So you reckon your Silvia is unique just because it's a Japanese import? Maybe you've bolted on a set of rims and a body kit and thought yours must be the only one like it in Australia? Well, sorry, S13s have been flooding into Australia for years now and they're now the official dime-a-dozen import. If you want to be individual don't buy a Silvia!
Well, not unless it's a soft-top version that's barely recognisable as a Silvia...
This Japanese market Nissan Silvia - imported by Sydney's AutoStyle - is highly individualised and has the good looks that would have it taking home several tonnes of gold from car shows. What you see here is one of the very limited production S13 Silvia convertibles spat out by Nissan Japan; apparently, the convertible was built only during 1989. These convertible models are slightly heavier than their hardtop counterparts (presumably due to increased chassis stiffening) and incorporate an electrically operated fabric hood, which - unfortunately - gobbles up a fair portion of usable boost space. This is easily forgiven, though, as the Silvia is transformed from a slightly awkward looking notchback into a well-proportioned cruise-mobile.
But that drop-top is just half of this car's appeal...
Domenic from AutoStyle explains that, since most of the mods were done in Japan, it's hard to pin down who did what and what exactly was done. As far as we can tell, however, the car has been treated to a full S15 nose update by a Japanese workshop called "Strawberry Face". Uh, yeah, right... The conversion includes genuine S15 headlights, modified front guards, a custom bonnet (which is heavily fluted) and a deep front 'bar spoiler. From there, the ground effects run around to side skirts and rear bumper extensions. And the rear wing? Well, there is none; not unless it blew off as Domenic was racing to make it to our photo shoot!
The paint is another guaranteed attention getter. It's impossible for us to find out the details of the colour, but we can tell you it's definitely not factory. But you already guessed that.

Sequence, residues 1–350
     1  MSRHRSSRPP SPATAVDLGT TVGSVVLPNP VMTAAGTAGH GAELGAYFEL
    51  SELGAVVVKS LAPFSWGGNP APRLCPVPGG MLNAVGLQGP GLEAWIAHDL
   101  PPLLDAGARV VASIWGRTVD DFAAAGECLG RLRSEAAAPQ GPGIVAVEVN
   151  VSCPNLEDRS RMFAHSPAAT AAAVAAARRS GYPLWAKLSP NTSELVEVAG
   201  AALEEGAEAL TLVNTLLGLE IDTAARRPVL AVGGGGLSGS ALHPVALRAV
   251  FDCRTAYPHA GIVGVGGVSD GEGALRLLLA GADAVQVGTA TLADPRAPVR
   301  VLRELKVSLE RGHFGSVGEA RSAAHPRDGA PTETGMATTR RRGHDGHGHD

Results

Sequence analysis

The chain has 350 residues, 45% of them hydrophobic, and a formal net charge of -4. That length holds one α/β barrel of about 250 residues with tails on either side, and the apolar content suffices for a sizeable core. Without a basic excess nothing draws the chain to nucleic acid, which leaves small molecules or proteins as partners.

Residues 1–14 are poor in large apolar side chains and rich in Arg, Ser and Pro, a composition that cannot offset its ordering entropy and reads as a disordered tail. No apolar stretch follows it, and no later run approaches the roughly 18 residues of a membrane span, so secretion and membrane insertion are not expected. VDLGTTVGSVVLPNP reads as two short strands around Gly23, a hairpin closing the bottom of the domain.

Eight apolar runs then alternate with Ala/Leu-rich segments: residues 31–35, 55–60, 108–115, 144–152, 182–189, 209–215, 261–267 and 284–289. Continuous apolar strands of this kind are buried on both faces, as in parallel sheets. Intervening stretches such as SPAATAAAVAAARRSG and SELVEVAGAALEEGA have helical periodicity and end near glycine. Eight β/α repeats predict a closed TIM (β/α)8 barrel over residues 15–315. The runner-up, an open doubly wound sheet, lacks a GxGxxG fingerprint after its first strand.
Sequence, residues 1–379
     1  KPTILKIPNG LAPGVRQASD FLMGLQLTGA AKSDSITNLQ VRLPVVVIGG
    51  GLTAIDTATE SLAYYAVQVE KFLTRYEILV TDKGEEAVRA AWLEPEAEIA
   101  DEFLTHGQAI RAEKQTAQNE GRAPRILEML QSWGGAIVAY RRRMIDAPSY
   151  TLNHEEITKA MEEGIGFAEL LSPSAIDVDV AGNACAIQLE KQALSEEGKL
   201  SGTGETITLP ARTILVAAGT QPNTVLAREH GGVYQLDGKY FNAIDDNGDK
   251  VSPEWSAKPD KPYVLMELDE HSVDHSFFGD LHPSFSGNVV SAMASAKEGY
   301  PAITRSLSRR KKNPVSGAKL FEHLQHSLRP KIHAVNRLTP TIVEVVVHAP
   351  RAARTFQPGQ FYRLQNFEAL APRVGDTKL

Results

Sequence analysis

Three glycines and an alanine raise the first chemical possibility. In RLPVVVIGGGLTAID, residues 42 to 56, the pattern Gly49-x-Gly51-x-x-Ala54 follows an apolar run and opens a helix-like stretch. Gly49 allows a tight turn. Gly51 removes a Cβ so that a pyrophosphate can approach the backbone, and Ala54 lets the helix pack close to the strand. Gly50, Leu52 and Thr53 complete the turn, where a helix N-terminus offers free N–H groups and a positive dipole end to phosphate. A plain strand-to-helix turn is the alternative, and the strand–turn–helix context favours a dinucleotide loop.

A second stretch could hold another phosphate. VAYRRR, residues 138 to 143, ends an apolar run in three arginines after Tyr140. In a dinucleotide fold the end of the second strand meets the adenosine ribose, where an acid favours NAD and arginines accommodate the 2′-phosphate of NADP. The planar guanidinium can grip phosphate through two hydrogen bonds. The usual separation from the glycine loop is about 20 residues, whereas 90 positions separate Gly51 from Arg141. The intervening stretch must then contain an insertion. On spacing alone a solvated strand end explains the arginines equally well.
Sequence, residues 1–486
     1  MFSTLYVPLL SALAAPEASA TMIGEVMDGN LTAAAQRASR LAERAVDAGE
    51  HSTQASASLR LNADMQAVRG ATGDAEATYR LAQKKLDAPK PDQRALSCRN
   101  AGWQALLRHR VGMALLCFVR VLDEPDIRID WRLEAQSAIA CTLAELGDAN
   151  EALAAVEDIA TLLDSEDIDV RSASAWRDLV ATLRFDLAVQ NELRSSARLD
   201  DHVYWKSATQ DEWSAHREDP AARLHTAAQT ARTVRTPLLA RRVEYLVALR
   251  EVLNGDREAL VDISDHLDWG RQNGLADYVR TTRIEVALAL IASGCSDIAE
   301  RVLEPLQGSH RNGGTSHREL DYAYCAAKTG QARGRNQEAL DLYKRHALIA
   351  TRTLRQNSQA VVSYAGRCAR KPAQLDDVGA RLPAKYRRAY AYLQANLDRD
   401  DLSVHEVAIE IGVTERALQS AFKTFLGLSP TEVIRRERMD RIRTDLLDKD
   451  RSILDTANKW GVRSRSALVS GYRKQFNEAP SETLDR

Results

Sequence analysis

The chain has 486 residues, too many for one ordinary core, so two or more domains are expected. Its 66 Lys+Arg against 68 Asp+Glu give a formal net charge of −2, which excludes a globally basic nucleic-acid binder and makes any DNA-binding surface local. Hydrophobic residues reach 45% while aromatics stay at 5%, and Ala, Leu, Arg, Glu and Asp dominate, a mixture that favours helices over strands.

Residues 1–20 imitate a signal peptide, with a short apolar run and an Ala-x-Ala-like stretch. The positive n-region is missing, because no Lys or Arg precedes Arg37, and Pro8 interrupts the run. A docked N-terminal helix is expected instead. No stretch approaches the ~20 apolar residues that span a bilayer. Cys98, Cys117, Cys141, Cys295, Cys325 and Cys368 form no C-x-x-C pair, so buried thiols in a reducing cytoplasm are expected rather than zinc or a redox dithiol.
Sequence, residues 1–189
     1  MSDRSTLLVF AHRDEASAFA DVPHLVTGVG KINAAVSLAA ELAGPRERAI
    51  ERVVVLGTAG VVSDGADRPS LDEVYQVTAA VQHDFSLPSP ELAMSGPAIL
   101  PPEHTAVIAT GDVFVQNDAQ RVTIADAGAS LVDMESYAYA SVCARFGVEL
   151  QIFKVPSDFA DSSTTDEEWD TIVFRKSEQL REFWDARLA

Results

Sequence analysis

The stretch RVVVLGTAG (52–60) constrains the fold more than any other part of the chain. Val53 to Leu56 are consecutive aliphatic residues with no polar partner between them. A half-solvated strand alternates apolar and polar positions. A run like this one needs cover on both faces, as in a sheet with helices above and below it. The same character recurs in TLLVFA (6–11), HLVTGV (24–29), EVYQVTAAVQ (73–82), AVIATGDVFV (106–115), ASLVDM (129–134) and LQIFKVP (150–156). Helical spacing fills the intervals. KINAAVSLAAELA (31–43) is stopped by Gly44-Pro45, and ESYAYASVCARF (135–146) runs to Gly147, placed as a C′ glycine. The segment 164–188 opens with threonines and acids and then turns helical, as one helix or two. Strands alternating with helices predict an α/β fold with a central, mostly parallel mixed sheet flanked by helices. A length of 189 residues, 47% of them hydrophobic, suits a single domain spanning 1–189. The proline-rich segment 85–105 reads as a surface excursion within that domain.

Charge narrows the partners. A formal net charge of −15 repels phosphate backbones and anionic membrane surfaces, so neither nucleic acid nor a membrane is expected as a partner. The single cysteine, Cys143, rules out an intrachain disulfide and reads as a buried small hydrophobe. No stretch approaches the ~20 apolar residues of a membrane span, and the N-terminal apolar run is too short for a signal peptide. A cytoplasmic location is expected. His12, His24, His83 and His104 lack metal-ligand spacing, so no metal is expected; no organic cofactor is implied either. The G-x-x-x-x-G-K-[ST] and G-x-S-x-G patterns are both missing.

S13 gurus may have picked something fishy about the wheels; they're five stud. This makes sense when Domenic explains how he ripped off the original 4-stud hubs and brakes and upgraded to the larger versions as found in later S13s. Domenic obviously also has good choice in rims, selecting tasty 18-inch Alstadt replicas to fill out the guards. The all-important road contact patches are the responsibility of Falken rubbers measuring 225/40 at the front and 235/40 at the rear.
Much improved handling and aesthetics come compliments of a set of Cusco coil-over struts - featuring adjustable ride height and damping forces - that had been bolted in during the car's life in Japan. Even in standard form, the turbo Silvia is a pretty decent handler; responsive and nicely balanced with on-demand power oversteer.
Onboard you'll find all the trimmings associated with early S13s - a well laid out dash with a 180 km/h speedo and 7000rpm redlined tacho, central locking, air conditioning (well, actually, climate control on this car), power steering, power mirrors and power windows (front and
When it first landed on Australian shores, though, this car's interior was looking a bit ratty - fair enough given it's endured over ten years of wear and tear. This has been well and truly fixed by AutoStyle's in-house interior trimmer, who's whipped up this sensational colour-coded leather cabin. Quality leather has been carefully applied to the door trims, glovebox and seats. And note that the front seats have also been cut into sections and had extra side bolstering added; a very nice job indeed.
Aside from its upper-crust interior coverings you'll also find a Kenwood CD/tuner head unit, 6 x 9 door speakers, 6-inch deck speakers and a turbo timer; that last item is essential because
the last thing you want is smoke from a dead turbo wafting back into the cabin as you cruise along top down.
Thankfully, there's no need to pardon a lack of kilowatts simply because the roof comes down; that's an excuse too many rag top owners cling to. Under that custom bonnet resides the original JDM CA18DET - in other words, a CA-series 1.8-litre four with a twin-cam, 16-valve head, EFI and an air-to-air intercooled turbo. In standard form, the CA18DET is a renowned sweet revver capable of 130kW at 6500 rpm and 225Nm at 4000 rpm. Zero to 100 km/h acceleration hovers somewhere around the 7/8-second bracket depending on the choice of driveline - this one's an auto.
Since Domenic's added a 3 ½-inch Tanabe Medallion exhaust (beginning at the rear of the turbo), a HKS pod filter and a pneumatic wastegate bleed (for up to 13 psi boost), there's now even more go; more than enough to put a permanent wave in your hair.
So where might the wind blow this pretty S13 from hereon? Well, Domenic is in the business of selling cars so if someone's interested it can be theirs; just so long as you have $28,900 to spare. Be quick though, coz we hear there's a bloke talking about snapping it up and dropping in a SR20DET that's currently making 240kW at the wheels
in another vehicle...
Boy, this car just keeps getting better with age!
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